At the United Nations headquarters in Geneva On October 31, 2015, Secretary-General Ban Ki-moon and President of the International Committee of the Red Cross (ICRC) Peter Maurer presented an unprecedented joint warning.
It is very rare that the ICRC makes public criticisms of governments, in part because of the fear that a criticized government would cut off relations and end the ICRC efforts to help the wounded, prisoners of war, and others covered by the Red Cross mandate. The public and high-profile statement alongside Ban Ki-moon is an indication of widespread fears that the recent attacks against hospitals in Afghanistan and Yemen could weaken and perhaps destroy the laws of war, now called humanitarian law.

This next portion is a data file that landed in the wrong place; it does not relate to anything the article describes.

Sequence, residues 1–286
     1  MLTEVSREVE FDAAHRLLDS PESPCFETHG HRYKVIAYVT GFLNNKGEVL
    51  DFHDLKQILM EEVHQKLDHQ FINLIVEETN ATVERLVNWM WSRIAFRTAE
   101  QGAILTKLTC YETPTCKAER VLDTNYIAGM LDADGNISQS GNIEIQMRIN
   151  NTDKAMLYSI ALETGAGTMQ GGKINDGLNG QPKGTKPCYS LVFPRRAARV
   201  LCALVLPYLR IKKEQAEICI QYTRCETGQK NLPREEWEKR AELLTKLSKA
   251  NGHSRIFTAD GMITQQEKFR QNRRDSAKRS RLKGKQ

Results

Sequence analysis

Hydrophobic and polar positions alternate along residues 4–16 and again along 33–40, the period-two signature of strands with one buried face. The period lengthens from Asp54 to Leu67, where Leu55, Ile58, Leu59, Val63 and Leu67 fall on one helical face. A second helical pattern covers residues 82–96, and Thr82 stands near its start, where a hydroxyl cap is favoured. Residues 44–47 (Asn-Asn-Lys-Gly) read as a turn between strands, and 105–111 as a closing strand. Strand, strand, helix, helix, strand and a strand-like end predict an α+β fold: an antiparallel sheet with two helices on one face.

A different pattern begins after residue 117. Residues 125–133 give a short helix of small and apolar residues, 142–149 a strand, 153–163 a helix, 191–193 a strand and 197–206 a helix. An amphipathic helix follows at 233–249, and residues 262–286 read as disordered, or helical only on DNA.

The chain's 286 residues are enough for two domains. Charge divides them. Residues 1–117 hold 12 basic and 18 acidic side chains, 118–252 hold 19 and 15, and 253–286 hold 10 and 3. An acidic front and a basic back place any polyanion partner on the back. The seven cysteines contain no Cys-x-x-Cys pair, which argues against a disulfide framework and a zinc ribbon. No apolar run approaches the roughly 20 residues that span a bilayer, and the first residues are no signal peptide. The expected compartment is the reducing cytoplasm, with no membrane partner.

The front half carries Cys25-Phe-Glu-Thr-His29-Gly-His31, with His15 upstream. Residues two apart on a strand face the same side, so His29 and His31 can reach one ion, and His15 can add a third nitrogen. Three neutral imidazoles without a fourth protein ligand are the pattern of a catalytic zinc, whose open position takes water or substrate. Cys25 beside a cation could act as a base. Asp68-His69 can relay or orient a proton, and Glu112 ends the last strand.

Standing next to Ban Ki-moon, Peter Maurer said,
If States, other actors in conflict, and the international community as a whole do not act responsibly now, there will be millions more victims. Acting responsibly means redoubling efforts to achieve political solutions and, pending such achievements, ensuring that humanitarian principles and law are respected. Hospitals are being attacked, patients, doctors, nurses and humanitarian workers killed. When humanitarian law and principles are disregarded, when humanitarian needs are trumped by political agendas, when access to the wounded and sick is denied, and when security concerns lead to a suspension of operations, people are abandoned, the notion of protection loses its meaning, and humanity is flouted.
International humanitarian law prohibits deliberate attacks on civilians not taking a direct part in hostilities and attacks that do not distinguish between civilians and combatants. The essential core of humanitarian law is the prohibition on attacking hospitals, medical personnel and the wounded unable to continue fighting.